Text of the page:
Hairdressers are especially suited to working for themselves!
Have You Considered Self-Employment?
by Shiro Shears on Monday, February 15, 2010
Working for yourself. What an amazing dream. But it doesn’t have to remain a dream: millions of people run their own businesses, people just like you. This may surprise you but hairdressers are especially suited to working for themselves.
Your typical hairdresser is confident and outgoing—essential qualities for building up a client base or going to ask your bank manager for a loan, and hairdressers are great at multi-tasking; a bonus when you have to be receptionist, accountant, promoter and sales person all rolled into one!
Hairdressers have fantastic time-management skills (that’s what it’s called when you get through a day with a double column and nobody turns up on time), are hardworking, determined, and creative. All these qualities are the bedrock of entrepreneurs and all you need is the knowledge of how to put them into practice.
So why work for yourself? Isn’t it easier just to go to work and come home without any worry or responsibility? To have the security of regular wages, holiday pay and sick pay?
OF COURSE IT IS! But just because it’s easier, doesn’t mean it’s better. What about freedom to choose the hours you work and the type of clients you see? What about the potential to have no limits on your earnings and to keep all the profits for yourself?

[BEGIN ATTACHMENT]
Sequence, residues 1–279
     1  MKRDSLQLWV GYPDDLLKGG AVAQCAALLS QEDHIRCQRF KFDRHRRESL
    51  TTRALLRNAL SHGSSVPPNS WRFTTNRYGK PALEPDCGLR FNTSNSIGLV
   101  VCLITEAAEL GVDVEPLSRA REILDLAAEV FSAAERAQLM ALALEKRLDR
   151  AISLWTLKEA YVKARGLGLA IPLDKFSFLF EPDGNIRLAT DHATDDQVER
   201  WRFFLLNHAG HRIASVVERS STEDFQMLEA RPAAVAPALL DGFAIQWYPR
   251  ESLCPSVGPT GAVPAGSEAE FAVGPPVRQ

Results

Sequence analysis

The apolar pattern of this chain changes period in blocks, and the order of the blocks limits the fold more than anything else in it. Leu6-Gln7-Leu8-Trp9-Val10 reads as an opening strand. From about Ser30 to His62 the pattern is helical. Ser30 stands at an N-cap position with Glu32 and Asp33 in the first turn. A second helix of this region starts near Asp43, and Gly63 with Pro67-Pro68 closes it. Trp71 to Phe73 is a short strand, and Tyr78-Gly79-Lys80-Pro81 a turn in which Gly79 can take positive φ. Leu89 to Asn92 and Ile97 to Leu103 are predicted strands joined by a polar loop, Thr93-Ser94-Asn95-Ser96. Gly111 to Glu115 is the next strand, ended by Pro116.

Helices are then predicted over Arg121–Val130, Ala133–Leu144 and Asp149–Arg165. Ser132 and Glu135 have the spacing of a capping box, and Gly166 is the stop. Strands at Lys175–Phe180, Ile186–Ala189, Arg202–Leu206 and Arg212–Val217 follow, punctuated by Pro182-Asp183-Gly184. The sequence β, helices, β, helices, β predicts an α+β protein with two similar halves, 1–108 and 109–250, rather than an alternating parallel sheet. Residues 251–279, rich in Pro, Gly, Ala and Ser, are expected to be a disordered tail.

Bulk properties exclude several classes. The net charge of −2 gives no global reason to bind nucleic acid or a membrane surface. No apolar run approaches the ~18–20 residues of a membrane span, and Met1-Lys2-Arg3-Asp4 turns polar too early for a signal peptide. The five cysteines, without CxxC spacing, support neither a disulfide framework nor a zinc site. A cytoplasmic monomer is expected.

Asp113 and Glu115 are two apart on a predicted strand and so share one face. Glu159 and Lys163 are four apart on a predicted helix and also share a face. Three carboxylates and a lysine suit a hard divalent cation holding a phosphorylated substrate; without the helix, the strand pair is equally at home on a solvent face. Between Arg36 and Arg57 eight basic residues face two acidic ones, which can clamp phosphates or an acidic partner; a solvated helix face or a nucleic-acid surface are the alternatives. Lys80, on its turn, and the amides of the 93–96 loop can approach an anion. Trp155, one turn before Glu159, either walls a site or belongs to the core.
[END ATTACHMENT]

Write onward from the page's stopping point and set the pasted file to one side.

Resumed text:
And what about the satisfaction of knowing that YOU did it? You built your business up from nothing and look at you now!
Consider this: Being self employed isn’t for everyone and there is nothing wrong with valuing the regular and the secure. Some types of job simply don’t lend themselves to working alone—it would be difficult for a policeman or a nurse to be self-employed. But if the idea of setting up your own business lights a fire inside you then you owe it to yourself to give it a go.
Financial Independence: One of the biggest lures for the self-employed is the idea of financial independence. What does this actually mean? There are many degrees of financial independence from having enough money in the bank to never have to work again (from a lottery win, perhaps), to being free of debt and having a regular income.
My personal definition is having enough savings to cover your outgoings for at least six months should you become ill, and having the means to earn in excess of your needs without having to strain yourself by working ridiculously long hours. And to be able to afford and enjoy all those little necessities like long holidays, good living and whatever else floats your boat.
—Article by Tobay Dytham Swifft of ArticlesBase